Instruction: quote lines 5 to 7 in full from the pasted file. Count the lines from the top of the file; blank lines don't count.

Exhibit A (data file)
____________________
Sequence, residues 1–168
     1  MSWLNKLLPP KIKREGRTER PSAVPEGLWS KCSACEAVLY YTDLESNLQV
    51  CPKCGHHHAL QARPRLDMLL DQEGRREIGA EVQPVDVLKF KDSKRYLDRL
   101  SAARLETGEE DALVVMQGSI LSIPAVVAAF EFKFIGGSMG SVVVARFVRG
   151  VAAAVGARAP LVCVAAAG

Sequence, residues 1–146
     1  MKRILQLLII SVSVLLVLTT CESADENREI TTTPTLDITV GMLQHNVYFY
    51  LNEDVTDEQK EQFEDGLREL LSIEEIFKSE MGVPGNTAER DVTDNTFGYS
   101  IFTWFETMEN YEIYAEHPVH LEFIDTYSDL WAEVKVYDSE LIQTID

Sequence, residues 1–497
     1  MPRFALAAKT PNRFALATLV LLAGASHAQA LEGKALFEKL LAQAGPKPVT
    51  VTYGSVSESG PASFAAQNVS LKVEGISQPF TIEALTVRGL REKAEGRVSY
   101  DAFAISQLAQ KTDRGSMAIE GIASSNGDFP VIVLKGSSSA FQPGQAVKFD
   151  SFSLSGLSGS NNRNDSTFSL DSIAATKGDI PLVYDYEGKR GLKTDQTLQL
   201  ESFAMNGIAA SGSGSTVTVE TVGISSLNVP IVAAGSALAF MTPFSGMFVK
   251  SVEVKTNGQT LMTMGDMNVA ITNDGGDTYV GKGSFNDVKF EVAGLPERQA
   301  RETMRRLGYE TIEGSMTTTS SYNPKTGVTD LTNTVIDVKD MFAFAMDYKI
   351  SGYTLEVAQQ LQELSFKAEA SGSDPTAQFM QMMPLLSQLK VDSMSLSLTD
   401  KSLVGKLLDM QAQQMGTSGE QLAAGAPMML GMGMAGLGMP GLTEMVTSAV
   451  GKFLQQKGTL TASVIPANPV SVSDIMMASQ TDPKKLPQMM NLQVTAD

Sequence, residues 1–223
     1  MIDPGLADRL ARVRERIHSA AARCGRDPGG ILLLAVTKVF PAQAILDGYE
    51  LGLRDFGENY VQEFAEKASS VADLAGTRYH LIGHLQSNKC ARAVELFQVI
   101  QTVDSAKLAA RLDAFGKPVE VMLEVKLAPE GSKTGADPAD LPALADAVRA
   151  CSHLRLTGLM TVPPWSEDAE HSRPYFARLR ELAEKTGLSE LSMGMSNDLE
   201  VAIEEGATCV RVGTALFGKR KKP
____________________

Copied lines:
   151  VAAAVGARAP LVCVAAAG

Sequence, residues 1–146
     1  MKRILQLLII SVSVLLVLTT CESADENREI TTTPTLDITV GMLQHNVYFY